‘The world knows nothing of its greatest men,’ says Sir Henry Taylor in his Philip Van Artevelde; and it knows much less of its greatest women. I have not found Marion M’Naught’s name once mentioned outside of Samuel Rutherford’s Letters. But she holds a great place—indeed, the foremost place—in that noble book, to be written in which is almost as good as to be written in heaven.
Rutherford’s first letter to Marion M’Naught was written from the manse of Anwoth on the 6th of June 1627, and out of a close and lifelong correspondence we are happy in having had preserved to us some forty-five of Rutherford’s letters to his first correspondent. But, most unfortunately, we have none of her letters back again to Anwoth or Aberdeen or London or St. Andrews. It is much to be wished we had, for Marion M’Naught was a woman greatly gifted in mind, as well as of quite exceptional experience even for that day of exceptional experiences in the divine life. But we can almost construct her letters to Rutherford for ourselves, so pointedly and so elaborately and so affectionately does Rutherford reply to them.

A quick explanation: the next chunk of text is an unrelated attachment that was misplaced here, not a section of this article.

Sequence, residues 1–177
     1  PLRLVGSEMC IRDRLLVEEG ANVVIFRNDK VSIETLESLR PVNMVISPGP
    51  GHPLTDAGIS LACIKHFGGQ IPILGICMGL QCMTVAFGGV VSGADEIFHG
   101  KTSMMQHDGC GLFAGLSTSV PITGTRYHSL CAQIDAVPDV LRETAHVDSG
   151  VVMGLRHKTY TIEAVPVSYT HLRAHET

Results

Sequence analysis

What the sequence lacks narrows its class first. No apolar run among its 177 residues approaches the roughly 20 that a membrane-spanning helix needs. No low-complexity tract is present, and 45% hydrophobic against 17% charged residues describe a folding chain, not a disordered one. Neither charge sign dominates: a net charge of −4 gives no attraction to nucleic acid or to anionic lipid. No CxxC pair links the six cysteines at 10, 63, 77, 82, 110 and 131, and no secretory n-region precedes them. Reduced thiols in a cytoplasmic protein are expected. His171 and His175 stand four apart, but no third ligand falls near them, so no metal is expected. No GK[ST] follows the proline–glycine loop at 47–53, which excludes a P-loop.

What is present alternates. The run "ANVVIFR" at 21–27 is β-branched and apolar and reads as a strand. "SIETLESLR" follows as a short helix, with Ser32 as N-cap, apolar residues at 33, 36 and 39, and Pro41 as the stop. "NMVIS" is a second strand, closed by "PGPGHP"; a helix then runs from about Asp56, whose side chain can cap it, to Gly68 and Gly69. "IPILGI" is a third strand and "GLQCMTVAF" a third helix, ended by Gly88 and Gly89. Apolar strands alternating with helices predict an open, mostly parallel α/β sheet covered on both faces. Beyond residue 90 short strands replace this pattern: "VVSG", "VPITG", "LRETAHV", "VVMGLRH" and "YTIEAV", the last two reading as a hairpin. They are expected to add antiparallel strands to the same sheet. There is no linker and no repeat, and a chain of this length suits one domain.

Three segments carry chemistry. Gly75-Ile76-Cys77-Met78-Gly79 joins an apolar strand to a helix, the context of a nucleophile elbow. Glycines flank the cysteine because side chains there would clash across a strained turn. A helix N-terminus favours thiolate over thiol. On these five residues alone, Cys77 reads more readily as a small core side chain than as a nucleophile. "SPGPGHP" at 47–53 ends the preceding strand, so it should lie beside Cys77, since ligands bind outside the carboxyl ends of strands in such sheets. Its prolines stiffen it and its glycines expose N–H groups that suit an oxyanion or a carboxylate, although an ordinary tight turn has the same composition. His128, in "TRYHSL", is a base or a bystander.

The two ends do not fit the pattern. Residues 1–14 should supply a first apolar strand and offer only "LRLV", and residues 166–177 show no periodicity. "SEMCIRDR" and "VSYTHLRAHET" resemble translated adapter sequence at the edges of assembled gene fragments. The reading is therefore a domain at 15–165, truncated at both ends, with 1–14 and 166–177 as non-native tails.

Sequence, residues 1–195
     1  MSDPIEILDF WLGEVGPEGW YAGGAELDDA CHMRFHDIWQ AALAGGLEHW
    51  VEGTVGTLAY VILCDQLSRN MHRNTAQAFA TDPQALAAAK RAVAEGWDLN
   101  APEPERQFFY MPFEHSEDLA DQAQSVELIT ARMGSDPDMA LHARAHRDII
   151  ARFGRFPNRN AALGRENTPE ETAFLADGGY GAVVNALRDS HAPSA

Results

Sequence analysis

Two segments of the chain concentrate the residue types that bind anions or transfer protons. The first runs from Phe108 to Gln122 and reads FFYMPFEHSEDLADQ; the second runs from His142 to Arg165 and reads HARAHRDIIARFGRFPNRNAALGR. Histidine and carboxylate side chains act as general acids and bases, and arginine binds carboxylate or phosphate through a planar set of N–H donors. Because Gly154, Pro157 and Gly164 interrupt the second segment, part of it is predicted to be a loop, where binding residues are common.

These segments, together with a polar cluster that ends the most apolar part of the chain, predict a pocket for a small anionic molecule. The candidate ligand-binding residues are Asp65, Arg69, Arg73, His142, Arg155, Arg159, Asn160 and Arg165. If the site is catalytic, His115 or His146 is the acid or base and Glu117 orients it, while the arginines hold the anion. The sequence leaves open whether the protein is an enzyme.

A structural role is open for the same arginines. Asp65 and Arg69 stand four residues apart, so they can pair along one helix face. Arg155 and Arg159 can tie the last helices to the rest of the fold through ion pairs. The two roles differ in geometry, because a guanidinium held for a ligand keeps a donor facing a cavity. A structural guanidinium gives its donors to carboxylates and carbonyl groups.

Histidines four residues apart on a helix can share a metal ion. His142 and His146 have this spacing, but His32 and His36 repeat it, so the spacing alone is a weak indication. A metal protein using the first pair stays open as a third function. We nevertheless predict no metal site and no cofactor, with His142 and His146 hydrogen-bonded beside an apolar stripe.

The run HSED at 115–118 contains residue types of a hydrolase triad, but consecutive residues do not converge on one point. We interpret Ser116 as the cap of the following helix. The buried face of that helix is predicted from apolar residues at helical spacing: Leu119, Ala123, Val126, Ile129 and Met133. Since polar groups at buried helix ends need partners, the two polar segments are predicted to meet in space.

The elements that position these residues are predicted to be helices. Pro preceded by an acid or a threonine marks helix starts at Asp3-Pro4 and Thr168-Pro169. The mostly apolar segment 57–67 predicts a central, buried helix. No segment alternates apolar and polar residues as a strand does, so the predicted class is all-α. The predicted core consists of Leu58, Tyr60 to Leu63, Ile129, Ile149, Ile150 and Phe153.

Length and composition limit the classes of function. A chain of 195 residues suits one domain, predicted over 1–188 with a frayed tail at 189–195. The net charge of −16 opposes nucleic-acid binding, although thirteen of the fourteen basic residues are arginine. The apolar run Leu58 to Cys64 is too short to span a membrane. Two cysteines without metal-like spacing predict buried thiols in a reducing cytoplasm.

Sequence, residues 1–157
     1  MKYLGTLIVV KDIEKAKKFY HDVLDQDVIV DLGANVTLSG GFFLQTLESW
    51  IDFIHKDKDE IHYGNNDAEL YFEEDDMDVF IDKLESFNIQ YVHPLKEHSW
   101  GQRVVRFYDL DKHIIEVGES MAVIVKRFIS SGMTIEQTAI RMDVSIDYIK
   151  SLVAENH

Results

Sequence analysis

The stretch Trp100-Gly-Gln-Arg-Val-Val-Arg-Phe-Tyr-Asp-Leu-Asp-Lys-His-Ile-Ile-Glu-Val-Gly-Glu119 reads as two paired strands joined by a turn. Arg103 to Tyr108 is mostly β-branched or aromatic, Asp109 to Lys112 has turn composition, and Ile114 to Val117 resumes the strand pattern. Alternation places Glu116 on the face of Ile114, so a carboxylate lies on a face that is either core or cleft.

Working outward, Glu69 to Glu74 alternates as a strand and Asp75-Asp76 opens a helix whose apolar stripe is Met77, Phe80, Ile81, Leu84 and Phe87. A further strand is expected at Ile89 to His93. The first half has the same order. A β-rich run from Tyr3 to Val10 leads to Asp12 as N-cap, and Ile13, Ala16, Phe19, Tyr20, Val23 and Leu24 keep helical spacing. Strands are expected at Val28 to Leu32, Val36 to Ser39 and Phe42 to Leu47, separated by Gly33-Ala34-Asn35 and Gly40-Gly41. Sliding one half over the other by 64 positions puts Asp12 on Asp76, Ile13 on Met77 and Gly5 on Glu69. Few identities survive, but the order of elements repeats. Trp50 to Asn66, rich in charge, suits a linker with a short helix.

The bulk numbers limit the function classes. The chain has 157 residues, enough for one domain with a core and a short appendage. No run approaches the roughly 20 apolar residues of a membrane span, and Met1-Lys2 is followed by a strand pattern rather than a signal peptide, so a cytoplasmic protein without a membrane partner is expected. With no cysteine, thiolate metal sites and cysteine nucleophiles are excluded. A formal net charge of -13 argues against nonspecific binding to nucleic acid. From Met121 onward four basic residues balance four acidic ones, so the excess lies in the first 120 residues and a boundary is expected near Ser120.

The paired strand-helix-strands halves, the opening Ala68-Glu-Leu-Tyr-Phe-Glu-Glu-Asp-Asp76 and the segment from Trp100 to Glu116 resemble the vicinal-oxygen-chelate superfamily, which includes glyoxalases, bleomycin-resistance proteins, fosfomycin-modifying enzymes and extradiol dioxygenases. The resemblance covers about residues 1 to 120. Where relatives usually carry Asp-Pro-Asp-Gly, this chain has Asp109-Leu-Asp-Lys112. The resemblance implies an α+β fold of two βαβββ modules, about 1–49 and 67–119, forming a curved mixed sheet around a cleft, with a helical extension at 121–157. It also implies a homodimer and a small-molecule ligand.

Marion M’Naught is already a married woman, and the mother of three well-grown children, when we make her acquaintance in Rutherford’s Letters. She had sprung of an ancient and honourable house in the south of Scotland, and she was now the wife of a well-known man in that day, William Fullarton, the Provost of Kirkcudbright. It is interesting to know that Marion M’Naught was closely connected with Lady Kenmure, another of Rutherford’s chief correspondents. Lord Kenmure was her mother’s brother. Kenmure had lived a profligate and popularity-hunting life till he was laid down on his death-bed, when he underwent one of the most remarkable conversions anywhere to be read of—a conversion that, as it would appear, his niece Marion M’Naught had no little to do with. As long as Kenmure was young and well, as long as he was haunting the purlieus of the Court, and selling his church and his soul for a smile from the King, the Provost of Kirkcudbright and his saintly wife were despised and forgotten; but when he was suddenly brought face to face with death and judgment, when his ribbons and his titles were now like the coals of hell in his conscience, nothing would satisfy him but that his niece must leave her husband and her children and take up her abode in Kenmure Castle. The Last and Heavenly Speeches of Lord Kenmure was a classic memoir of those days, and in that little book we read of his niece’s constant attendance at his bedside, as good a nurse for his soul as she was for his body.